Fall is prime-time for cover crop planting. When done properly, cover crops, also called green manures, can play an important role in your vegetable plot, whether it’s small or large. Essentially, cover crops are non-productive plants grown when the ground would be otherwise fallow and free of crops. They prevent soil erosion, stabilize soil temperatures, reduce weeds, prevent winter nutrient loss and, with time, they break down and become a source of organic matter to help feed soil microbes and the productive crops that grow in the area.
Though not all gardeners use cover crops, they’re a great way to help replenish depleted soils and improve soil structure. If you haven’t planted cover crops in the past, perhaps this fall you should give them a try.
How To Plant & Use A Cover Crop
The most common way to utilize a cover crop in your vegetable plot is to select one that performs best in cooler weather. These types of cover crops are planted late in the season, after the primary vegetable crop has been harvested. They’re left to grow all winter long and into the following spring. Eventually, they’re mowed down and turned into the soil where they’ll break down and provide their many benefits.
It’s also possible to use cover crops as a living mulch during the actual growing season. Though this is a less popular use for cover crops, it works quite well to reduce weed competition, shade the soil and help support beneficial insects and pollinators. The cover crop is planted in between and around rows of productive crops. At the end of the growing season, or at the start of the following season, it’s then turned into the soil where it adds organic matter and improves soil nutrient levels. Not all types of cover crops work well as a living mulch as some may be too competitive, but legumes work particularly well, including clovers, cowpeas and vetches.
What Is The Best Cover Crop For Your Vegetable Garden?
Though there are many different types of cover crops, each of them has different positive and negative traits. Legumes are able to convert nitrogen from the atmosphere into a form that’s useable by plants. Because of this, members of the pea and bean family are excellent cover crops for areas that will host high-nitrogen crops the following season.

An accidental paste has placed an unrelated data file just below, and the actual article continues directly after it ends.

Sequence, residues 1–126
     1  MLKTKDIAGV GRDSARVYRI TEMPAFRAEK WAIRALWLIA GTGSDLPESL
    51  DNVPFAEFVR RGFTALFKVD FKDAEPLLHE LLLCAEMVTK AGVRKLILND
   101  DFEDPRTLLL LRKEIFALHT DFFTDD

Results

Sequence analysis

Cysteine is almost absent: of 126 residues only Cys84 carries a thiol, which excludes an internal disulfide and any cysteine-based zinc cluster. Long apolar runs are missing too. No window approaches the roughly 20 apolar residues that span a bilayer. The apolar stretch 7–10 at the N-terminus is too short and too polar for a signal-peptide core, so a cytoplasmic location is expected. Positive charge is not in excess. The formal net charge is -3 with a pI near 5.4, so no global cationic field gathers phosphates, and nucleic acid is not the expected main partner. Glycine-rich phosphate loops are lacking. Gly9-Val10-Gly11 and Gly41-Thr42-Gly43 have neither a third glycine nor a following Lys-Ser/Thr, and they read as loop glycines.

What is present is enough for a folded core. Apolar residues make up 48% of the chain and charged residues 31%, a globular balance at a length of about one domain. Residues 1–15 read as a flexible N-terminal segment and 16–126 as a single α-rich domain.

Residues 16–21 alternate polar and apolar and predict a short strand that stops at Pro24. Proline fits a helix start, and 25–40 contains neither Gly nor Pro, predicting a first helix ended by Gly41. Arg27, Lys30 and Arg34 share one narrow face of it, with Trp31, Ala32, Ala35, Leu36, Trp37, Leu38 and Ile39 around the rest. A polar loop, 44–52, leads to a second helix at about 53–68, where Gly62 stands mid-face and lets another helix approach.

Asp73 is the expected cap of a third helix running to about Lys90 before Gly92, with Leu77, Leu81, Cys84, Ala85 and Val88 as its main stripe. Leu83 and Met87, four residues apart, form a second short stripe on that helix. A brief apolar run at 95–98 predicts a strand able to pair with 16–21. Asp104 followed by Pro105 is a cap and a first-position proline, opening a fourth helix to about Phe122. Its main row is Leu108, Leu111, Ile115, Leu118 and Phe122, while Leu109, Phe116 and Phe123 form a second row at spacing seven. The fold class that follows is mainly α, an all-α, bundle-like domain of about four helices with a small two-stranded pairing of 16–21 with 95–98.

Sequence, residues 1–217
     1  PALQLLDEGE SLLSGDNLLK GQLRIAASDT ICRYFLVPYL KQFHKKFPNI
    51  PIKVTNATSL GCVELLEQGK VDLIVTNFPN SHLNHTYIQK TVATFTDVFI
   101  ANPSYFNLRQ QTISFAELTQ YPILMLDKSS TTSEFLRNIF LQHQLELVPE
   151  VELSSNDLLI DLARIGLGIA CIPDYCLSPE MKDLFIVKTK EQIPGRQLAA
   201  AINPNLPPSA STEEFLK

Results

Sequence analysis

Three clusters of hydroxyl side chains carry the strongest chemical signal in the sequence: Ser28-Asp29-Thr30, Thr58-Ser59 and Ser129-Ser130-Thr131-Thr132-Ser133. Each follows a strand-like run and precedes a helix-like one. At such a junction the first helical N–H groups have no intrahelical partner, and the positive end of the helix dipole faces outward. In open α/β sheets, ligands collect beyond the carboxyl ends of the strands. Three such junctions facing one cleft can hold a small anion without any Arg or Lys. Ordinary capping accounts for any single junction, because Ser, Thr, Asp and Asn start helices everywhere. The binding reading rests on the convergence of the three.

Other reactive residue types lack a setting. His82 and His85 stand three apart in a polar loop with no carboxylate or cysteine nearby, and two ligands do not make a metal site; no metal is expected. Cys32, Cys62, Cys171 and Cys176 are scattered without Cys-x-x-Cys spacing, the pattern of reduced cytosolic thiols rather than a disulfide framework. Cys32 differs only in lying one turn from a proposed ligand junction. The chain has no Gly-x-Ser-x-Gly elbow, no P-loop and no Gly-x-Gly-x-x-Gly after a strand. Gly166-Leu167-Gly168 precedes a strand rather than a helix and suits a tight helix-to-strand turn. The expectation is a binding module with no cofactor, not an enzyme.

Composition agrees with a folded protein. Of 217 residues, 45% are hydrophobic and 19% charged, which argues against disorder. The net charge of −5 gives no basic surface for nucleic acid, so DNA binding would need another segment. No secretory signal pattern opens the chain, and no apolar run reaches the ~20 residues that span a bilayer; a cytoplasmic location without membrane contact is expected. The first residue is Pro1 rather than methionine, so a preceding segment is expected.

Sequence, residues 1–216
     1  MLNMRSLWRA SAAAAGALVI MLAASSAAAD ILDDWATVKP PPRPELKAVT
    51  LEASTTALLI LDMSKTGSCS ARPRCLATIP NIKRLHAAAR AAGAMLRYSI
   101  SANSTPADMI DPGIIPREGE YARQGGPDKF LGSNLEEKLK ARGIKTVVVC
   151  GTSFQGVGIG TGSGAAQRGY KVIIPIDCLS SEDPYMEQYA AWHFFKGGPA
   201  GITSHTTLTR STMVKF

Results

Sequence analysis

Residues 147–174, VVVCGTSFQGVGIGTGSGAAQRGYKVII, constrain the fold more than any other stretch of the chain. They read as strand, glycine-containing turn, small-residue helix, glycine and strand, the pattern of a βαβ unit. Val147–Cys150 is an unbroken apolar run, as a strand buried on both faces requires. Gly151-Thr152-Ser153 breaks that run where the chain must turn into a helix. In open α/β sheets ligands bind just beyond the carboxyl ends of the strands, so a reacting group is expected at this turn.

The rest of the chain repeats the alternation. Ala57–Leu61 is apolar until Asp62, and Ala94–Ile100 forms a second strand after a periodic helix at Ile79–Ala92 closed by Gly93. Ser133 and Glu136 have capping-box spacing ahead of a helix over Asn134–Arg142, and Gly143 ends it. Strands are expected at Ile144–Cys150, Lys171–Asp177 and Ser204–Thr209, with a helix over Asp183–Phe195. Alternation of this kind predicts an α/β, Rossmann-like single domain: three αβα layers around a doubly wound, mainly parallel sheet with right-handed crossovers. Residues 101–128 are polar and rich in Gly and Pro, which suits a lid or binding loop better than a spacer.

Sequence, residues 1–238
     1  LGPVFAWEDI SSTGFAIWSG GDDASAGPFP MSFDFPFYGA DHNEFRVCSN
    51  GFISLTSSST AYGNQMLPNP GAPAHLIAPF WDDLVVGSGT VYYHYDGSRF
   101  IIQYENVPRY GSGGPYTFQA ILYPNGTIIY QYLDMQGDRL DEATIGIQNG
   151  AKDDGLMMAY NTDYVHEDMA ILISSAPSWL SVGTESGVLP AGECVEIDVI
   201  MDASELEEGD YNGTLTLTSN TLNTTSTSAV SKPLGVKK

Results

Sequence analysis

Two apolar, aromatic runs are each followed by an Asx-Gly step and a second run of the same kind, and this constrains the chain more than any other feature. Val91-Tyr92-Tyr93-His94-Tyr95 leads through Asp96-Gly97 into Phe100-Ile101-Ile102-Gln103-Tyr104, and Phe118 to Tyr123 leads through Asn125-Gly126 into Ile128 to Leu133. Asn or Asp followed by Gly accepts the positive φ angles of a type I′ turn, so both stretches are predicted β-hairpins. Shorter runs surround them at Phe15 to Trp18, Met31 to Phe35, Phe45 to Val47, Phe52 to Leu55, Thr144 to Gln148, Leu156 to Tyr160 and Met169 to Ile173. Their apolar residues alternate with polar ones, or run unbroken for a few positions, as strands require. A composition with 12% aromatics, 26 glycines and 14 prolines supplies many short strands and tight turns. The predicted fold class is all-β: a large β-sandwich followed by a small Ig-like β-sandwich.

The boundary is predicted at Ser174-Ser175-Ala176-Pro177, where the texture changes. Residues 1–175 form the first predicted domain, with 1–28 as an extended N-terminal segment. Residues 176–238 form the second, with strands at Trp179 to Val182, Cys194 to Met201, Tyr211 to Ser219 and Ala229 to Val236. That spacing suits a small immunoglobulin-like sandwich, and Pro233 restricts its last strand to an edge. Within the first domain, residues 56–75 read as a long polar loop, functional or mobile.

In places where you need a quick-growing cover crop, annual rye grass (also called winter field rye) would be a good choice. It grows quickly and is very winter hardy. Often sold in a seed mixture with vetch, rye grass is one of my favorite cover crops because it’s easy to mow and turn under in the spring. Buckwheat is another choice for fast-growing cover but care must be taken to not let it go to seed or you’ll be faced with a buckwheat battle for months to come.
Tips For Planting Cover Crops
Regardless of which type of cover crop you settle on and how you plan to use it, avoid sowing the seeds too thickly. If sown too close together, the seedlings form a thick mat that’s difficult to mow and turn in the spring.
Also, do not use perennial cover crops, such as white Dutch clover, alfalfa or perennial vetches, unless you have the ability to deeply disk them under in the spring. If you’re just turning your garden by hand or with a tiller, these perennial cover crops will not be completely killed by the tilling and turning process, resulting in a potential cover crop take-over that season!
When To Plant After Using A Cover Crop
After mowing down and turning over your cover crops in the spring, it’s essential that you wait three to four weeks before planting. Freshly turned cover crops often utilize soil nitrogen to begin their decomposition process, causing a temporary unavailability of this nutrient. The soil can also become quite warm during the initial stages of decomposition which can damage the roots of young seedlings, so it’s best to wait a few weeks before planting.